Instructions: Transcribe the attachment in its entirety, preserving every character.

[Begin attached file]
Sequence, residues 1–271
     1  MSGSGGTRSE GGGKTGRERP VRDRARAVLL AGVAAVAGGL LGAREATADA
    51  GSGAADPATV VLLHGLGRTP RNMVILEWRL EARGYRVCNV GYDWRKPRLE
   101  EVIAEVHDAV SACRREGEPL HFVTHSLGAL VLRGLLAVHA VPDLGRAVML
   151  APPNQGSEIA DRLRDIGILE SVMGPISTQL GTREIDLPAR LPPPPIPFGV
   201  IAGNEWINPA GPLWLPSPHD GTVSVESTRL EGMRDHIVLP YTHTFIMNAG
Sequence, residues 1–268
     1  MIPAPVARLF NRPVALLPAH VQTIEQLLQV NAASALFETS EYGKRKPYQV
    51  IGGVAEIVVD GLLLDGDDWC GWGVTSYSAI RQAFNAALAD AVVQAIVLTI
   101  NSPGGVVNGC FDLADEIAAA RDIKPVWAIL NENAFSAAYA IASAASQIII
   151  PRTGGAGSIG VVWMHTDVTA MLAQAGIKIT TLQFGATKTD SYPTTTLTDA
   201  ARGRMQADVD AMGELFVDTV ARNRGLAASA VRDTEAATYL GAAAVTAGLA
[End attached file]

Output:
Sequence, residues 1–271
     1  MSGSGGTRSE GGGKTGRERP VRDRARAVLL AGVAAVAGGL LGAREATADA
    51  GSGAADPATV VLLHGLGRTP RNMVILEWRL EARGYRVCNV GYDWRKPRLE
   101  EVIAEVHDAV SACRREGEPL HFVTHSLGAL VLRGLLAVHA VPDLGRAVML
   151  APPNQGSEIA DRLRDIGILE SVMGPISTQL GTREIDLPAR LPPPPIPFGV
   201  IAGNEWINPA GPLWLPSPHD GTVSVESTRL EGMRDHIVLP YTHTFIMNAG
Sequence, residues 1–268
     1  MIPAPVARLF NRPVALLPAH VQTIEQLLQV NAASALFETS EYGKRKPYQV
    51  IGGVAEIVVD GLLLDGDDWC GWGVTSYSAI RQAFNAALAD AVVQAIVLTI
   101  NSPGGVVNGC FDLADEIAAA RDIKPVWAIL NENAFSAAYA IASAASQIII
   151  PRTGGAGSIG VVWMHTDVTA MLAQAGIKIT TLQFGATKTD SYPTTTLTDA
   201  ARGRMQADVD AMGELFVDTV ARNRGLAASA VRDTEAATYL GAAAVTAGLA